On March 7, 2016, I had the pleasure of giving a talk to the Berkeley Information Privacy Law Association at Berkeley Law. I discussed the so-called "Apple vs. the FBI" case, a high-profile dispute between Apple and the federal government over access to an iPhone used by San Bernardino shooter Syed Farook. My talk also gave a history of the "crypto wars" of the 1990s, described the passage of the Communications Assistance for Law Enforcement Act, and discussed another iPhone-access case recently decided by a magistrate judge in New York. I greatly enjoyed speaking to a full room of students from Berkeley's Law School and Information School, as well as answering their insightful questions. While the talk was not recorded, a PDF of my prepared remarks is attached. My thanks to BIPLA for the invitation to give this timely talk.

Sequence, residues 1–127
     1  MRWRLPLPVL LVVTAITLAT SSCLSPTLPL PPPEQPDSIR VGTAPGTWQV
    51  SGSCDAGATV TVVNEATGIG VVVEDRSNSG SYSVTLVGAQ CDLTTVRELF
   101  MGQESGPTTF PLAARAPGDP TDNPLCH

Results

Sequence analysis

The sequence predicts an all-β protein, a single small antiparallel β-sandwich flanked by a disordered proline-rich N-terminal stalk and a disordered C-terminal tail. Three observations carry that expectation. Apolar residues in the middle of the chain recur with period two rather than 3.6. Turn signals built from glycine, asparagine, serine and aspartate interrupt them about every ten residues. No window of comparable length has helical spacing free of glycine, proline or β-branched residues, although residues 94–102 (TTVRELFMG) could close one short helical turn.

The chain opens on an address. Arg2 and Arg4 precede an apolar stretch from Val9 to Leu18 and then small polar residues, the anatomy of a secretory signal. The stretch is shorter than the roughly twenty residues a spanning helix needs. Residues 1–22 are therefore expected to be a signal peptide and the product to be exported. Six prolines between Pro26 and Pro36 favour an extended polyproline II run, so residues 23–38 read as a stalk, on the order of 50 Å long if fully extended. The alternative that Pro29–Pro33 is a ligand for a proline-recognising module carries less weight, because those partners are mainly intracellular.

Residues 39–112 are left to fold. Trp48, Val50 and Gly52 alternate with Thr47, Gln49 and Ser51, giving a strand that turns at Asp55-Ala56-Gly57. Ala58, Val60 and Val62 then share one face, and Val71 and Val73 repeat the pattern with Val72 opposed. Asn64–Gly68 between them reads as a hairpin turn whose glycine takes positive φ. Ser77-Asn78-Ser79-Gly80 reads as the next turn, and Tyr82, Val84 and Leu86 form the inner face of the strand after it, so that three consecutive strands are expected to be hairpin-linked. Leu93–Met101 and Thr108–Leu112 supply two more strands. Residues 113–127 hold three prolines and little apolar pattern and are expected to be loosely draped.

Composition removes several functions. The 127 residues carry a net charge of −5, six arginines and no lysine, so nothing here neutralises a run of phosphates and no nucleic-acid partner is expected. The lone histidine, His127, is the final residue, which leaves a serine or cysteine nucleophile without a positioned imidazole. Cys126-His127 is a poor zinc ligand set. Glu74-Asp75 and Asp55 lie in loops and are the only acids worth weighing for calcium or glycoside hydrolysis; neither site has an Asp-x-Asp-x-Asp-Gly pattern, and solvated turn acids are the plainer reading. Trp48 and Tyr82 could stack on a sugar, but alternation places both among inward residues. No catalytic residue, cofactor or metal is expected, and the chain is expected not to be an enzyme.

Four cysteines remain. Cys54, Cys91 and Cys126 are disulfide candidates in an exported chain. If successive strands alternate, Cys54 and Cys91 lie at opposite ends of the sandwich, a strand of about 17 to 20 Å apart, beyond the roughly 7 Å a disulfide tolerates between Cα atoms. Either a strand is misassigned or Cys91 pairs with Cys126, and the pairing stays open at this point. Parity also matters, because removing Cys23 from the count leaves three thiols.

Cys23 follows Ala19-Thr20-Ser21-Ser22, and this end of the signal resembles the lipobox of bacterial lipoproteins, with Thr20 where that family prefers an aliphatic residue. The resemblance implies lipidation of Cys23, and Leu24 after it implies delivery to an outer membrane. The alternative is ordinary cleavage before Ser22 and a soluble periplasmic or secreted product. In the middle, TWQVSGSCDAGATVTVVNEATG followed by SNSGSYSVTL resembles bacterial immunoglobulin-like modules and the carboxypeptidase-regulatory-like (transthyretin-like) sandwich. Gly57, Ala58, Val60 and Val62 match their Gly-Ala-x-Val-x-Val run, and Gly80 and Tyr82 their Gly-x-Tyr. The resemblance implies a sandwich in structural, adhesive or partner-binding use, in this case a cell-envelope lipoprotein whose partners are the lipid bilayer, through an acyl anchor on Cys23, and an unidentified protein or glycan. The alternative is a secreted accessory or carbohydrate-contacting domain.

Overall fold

(Erratum, 3/13/16: I said that Apple doesn't encrypt iCloud; it does encrypt the data, but maintains access for warrant compliance.)